Rapid economic and population growth has created extreme solid waste accumulation, overwhelming cities' ability to deal with sustainable waste management. The following approaches describe four solutions.
We have a lot of stuff. We have neighbors who need stuff to increase the quality of their lives and strengthen their day to day survival. What we don't have are enough connectors, enough systems to efficiently get the stuff from the people who no longer need it to the people who very much do.
Ys, on Earth Day and throughout Earth Week, we should all think big and call on our leaders in Washington and in statehouses to make a serious commitment to meaningful environmental leadership. But we cannot let the big be the enemy of the small.
Can we improve our reuse of water? Can we enhance our wastewater treatment to produce water fit for beneficial purposes? More water quality testing, better wastewater treatment and acknowledgement of this recycling is needed.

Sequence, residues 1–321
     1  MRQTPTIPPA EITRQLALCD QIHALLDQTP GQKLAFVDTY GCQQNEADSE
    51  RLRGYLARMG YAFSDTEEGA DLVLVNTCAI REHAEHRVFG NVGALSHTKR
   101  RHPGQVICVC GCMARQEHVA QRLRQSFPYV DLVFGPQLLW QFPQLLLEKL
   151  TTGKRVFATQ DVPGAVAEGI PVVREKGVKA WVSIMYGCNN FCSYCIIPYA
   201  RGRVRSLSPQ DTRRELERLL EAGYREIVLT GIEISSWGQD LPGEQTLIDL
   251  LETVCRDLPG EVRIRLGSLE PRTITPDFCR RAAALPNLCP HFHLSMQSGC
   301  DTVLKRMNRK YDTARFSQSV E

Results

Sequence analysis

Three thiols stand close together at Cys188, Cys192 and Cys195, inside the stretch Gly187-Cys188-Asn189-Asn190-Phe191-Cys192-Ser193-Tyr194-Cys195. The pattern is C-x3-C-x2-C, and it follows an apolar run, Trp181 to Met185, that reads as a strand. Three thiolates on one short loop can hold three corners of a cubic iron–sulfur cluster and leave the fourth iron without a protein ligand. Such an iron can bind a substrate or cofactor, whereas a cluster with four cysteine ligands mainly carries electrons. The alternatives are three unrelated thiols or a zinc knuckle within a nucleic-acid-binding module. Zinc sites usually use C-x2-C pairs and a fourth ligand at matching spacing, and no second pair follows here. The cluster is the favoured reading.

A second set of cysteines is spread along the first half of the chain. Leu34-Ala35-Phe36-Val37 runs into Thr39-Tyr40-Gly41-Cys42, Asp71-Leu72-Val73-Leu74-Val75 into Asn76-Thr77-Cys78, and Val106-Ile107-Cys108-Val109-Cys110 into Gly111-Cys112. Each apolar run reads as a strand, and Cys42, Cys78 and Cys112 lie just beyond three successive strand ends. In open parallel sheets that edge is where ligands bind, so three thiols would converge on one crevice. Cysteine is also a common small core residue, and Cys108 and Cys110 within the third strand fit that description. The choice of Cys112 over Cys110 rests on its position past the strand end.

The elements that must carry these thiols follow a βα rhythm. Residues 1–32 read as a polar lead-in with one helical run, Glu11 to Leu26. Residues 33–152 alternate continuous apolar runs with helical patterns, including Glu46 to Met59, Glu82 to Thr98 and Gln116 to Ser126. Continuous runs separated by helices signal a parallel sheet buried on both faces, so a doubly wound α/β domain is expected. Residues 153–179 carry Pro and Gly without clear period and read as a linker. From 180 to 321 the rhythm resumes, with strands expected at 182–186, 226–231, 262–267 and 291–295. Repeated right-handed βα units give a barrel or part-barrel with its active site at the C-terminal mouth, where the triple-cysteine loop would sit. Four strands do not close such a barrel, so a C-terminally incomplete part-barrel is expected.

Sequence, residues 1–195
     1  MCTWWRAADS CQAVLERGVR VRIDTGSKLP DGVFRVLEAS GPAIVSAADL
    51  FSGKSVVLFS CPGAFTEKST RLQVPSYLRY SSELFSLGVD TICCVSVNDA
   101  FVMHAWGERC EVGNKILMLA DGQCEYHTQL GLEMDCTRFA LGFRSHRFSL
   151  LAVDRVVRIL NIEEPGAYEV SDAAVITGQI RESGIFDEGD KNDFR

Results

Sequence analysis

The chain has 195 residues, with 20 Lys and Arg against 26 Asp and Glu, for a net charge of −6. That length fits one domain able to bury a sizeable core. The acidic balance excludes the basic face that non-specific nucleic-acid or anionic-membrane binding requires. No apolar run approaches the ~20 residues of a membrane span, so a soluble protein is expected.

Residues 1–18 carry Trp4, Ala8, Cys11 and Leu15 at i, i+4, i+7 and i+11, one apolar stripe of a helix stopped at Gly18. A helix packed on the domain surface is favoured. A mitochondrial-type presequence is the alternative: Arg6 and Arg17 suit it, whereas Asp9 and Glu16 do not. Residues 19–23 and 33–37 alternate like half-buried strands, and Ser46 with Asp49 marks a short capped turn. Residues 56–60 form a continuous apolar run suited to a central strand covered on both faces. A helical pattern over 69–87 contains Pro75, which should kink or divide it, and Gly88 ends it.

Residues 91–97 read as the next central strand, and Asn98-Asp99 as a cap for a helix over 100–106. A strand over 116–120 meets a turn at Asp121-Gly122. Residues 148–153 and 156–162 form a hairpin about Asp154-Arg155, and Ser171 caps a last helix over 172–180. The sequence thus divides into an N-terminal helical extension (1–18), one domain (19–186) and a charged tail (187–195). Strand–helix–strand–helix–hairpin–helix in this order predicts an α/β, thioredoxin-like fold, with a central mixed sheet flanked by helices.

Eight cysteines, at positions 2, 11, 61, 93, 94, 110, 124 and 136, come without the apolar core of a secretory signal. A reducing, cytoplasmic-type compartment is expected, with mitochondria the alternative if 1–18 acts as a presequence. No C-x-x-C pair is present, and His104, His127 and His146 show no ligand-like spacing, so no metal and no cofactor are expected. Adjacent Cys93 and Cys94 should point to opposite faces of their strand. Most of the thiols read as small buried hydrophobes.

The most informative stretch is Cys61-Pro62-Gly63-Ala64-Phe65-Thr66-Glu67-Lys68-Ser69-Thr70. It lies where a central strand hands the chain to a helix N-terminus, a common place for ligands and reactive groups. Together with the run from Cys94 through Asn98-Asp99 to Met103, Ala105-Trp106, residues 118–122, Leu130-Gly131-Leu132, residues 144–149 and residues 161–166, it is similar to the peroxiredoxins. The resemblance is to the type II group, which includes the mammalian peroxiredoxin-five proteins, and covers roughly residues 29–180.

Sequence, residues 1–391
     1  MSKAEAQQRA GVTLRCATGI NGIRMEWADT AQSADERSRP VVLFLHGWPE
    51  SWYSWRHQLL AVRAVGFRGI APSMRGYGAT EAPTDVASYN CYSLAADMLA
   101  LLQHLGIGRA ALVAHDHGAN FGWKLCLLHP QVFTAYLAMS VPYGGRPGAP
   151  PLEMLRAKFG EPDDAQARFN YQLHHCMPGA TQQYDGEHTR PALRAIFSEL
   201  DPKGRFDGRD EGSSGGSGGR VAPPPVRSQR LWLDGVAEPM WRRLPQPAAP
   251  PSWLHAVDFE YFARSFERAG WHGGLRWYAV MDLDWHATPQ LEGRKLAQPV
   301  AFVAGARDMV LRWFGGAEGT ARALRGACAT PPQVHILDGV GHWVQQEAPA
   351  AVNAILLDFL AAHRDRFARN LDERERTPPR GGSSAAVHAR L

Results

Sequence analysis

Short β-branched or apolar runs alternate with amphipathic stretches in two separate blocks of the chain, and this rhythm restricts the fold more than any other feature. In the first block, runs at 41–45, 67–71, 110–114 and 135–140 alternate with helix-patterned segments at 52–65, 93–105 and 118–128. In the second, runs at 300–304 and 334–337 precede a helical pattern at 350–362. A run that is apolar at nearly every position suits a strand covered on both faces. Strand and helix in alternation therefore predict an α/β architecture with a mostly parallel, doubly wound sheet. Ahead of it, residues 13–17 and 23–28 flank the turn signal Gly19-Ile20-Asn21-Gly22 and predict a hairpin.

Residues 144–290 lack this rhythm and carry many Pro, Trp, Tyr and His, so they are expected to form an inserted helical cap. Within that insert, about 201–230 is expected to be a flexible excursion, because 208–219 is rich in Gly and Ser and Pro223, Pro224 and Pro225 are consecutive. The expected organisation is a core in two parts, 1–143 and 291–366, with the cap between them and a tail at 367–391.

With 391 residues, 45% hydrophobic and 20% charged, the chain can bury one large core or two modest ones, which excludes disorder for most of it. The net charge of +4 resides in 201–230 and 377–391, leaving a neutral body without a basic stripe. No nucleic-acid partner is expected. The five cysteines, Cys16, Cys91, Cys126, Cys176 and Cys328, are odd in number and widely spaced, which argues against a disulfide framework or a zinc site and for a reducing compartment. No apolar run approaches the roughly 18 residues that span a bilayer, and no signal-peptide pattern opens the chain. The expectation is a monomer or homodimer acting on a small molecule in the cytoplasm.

So what does a postmodern Earth Day altar call look like? People pledged to learn to live in smaller circles -- to bike less and walk more, to eat locally, to plant gardens. Many pledged to take a digital sabbath -- "no screens on Sunday."
Why Bike Power? There are huge physical and fiscal benefits to biking. With obesity on the rise in U.S. children and one out of every three American adults weighing in obese, biking is one way to get America moving again.
My plan this year for Black Friday was to sit out the retail game altogether. That was before I saw the ad in The New York Times. "Don't Buy This Jacket," exhorted the full-page message sponsored by the Patagonia Common Threads Initiative.
Fashions change every season and when we buy new things we have to get rid of the old, outgrown and out of style. Americans consume 65 pounds of new clothes per person each year and discard a total of 25.4 billion pounds of textiles annually.